Big Dipper formed in 1985 with an excellent pedigree. Goffrier, of course, had been in the Embarrassment back in Kansas. (Embarrassment drummer Woody Giessmann would end up in a post-Epic version of the band after playing in the Del Fuegos.) Waleik and Michener were in the original lineup of Volcano Suns, the great post-Mission of Burma group led by drummer Peter Prescott, and Michener was also briefly a member of college-rock faves Dumptruck. Joined by drummer Jeff Oliphant, they created a winning mix of noisy, angular riffing, pounding postpunk rhythms, and the sort of surprisingly elegant, unpredictable melodies that had been a key part of the Embarrassment’s twitchier, more hyperactive tunes.

Though the group’s 1987 debut, the six-track EP Boo-Boo, favors punk over pop, the ebullient “Faith Healer” includes a soaring hook amid its slashing guitars, and Big Dipper’s first full-length, Heavens, released later that year, reconciles the two impulses even more skillfully—the killer melodies of “She’s Fetching” and “All Going Out Together” sound like the work of the same band that wrote ferocious rave-ups like “Younger Bums” and “Mr. Woods.” This motion toward accessibility continued on 1988’s Craps: tuneful nuggets like “Meet the Witch” and “Bells of Love” had their sharp edges sanded away, and the band split the difference between pop and punk on songs like “Ron Klaus Wrecked His House,” about a house-demolition party thrown by the Embarrassment’s bassist (“He threw the doors out of the windows / And the windows out the doors”). The term alternative wouldn’t catch on in a big way for another few years, but in their own milieu—what people still called “college rock”—Big Dipper was pushing the envelope, albeit in a rather polite and modest way.

With their Homestead contract fulfilled, Big Dipper accepted the fateful offer from Epic. According to a 1990 New York Times story that ran shortly before the release of Slam, they chose Epic because they wanted a big studio budget, the leisure to try new approaches, and “maximum creative control.” But already they seemed to be self-consciously justifying a decision they were worried was a terrible mistake: “You can only go so far turning up the guitars real loud and distorting them as much as possible,” Goffrier said. Big Dipper was embarking on the dreaded process of “maturing” as a band. Maybe they were afraid they were running out of ideas, but plenty of groups with similar fears had already resorted to a radical change in sound, experimentation for its own sake, or both, and the results had almost always been a boring, unfocused disaster.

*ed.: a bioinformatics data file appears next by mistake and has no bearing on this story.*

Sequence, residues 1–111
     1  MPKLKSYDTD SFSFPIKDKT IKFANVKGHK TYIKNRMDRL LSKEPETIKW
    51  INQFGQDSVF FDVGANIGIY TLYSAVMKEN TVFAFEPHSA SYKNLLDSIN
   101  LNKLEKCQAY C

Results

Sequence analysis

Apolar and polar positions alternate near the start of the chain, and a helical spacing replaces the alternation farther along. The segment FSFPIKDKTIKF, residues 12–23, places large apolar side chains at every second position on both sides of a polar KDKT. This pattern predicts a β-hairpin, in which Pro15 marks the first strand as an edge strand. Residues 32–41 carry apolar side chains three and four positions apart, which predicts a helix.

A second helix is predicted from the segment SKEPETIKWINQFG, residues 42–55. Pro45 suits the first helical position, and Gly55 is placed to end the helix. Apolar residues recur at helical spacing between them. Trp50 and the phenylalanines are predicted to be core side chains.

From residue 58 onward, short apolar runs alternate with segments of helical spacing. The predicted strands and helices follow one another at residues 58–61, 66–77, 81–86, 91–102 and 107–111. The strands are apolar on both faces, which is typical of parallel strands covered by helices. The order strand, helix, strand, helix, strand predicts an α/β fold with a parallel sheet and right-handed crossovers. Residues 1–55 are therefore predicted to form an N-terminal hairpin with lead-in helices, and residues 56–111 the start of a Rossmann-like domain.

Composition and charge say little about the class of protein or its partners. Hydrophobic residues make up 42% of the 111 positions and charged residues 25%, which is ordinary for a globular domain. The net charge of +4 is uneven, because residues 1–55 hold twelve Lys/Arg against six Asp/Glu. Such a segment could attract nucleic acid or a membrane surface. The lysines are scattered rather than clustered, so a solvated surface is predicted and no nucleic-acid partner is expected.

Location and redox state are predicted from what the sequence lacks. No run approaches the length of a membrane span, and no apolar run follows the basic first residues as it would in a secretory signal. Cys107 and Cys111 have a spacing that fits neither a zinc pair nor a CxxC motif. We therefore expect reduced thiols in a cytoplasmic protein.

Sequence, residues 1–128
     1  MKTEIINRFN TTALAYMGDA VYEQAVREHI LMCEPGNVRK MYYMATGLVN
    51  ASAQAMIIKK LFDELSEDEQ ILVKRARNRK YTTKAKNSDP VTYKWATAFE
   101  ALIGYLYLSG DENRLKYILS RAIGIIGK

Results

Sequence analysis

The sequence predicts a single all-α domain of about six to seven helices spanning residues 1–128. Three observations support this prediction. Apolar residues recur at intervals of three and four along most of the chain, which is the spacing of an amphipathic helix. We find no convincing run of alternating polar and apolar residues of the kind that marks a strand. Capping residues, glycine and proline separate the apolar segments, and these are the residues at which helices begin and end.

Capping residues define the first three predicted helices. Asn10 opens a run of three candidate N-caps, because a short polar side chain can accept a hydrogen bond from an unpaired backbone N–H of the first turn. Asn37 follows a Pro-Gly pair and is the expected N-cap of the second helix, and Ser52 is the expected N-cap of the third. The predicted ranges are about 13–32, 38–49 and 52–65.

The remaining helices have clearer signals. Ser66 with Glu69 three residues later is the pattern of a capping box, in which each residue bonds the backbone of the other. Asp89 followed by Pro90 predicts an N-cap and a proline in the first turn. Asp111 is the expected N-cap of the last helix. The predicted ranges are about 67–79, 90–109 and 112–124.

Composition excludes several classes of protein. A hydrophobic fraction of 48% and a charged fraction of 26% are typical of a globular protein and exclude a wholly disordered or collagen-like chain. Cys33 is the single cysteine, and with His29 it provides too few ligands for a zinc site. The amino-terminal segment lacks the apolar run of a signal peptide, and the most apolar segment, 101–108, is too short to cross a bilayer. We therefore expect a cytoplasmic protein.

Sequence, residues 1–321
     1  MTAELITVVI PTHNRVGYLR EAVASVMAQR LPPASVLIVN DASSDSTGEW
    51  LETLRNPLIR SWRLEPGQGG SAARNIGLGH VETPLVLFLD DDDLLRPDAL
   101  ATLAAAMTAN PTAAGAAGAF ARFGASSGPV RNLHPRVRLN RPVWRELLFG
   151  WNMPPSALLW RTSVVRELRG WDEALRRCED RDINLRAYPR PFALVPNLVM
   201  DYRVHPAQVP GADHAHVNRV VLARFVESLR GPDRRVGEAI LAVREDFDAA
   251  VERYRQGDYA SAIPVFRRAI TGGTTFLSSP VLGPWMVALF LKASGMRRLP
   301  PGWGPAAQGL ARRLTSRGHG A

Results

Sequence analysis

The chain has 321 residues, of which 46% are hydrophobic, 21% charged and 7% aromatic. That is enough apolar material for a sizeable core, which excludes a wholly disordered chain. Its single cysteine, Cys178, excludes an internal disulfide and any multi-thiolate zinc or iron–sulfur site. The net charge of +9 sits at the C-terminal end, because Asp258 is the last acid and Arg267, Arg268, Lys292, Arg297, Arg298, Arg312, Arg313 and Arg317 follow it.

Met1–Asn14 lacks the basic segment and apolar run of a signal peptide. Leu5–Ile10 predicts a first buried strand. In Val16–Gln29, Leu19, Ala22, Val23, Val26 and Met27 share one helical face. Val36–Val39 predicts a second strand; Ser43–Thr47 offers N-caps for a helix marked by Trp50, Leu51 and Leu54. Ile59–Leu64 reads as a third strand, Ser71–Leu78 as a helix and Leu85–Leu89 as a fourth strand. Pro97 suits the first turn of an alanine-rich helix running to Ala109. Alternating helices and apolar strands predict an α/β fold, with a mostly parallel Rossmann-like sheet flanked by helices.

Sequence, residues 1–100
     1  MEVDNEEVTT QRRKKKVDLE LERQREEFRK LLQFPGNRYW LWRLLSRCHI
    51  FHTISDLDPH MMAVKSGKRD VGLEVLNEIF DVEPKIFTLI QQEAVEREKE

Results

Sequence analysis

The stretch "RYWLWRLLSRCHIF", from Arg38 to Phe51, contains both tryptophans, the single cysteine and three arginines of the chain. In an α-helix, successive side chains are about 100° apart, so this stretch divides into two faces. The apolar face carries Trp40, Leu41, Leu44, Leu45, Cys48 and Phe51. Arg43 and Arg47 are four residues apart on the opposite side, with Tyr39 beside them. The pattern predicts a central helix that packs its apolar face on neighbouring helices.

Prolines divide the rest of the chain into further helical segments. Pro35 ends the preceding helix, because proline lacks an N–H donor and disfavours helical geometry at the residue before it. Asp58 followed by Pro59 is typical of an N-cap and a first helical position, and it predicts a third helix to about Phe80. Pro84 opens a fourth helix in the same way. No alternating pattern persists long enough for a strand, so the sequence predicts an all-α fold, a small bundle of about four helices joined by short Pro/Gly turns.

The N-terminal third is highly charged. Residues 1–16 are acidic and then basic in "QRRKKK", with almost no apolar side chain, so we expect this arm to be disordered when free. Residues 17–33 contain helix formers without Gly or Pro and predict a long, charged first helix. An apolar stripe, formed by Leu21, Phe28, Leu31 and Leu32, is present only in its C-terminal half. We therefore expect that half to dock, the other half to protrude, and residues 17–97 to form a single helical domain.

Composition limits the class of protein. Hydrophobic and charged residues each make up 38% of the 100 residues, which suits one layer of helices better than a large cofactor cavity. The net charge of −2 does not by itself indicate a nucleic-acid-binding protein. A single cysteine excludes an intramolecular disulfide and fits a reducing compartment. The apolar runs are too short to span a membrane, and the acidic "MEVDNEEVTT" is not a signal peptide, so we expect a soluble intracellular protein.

Two cuts from Supercluster‘s disc of post-Epic material, “Approach of a Human Being” and “The Beast,” were released as a single by the Chicago label Feel Good All Over. They turned out to be the band’s death rattle. But spurred to action by Supercluster, the original Big Dipper lineup is reuniting to play three east-coast shows in late April (there may be midwest shows later in the year, per Merge). According to a recent story in the Boston Phoenix, when news of the reunion hit the grapevine, Waleik got an e-mail from Mission of Burma guitarist Roger Miller, whose own band is in the middle of a surprisingly fruitful second act. “He said that you’ve got to rock hard,” Waleik recalled. “You can’t go out and be a mature older band.”v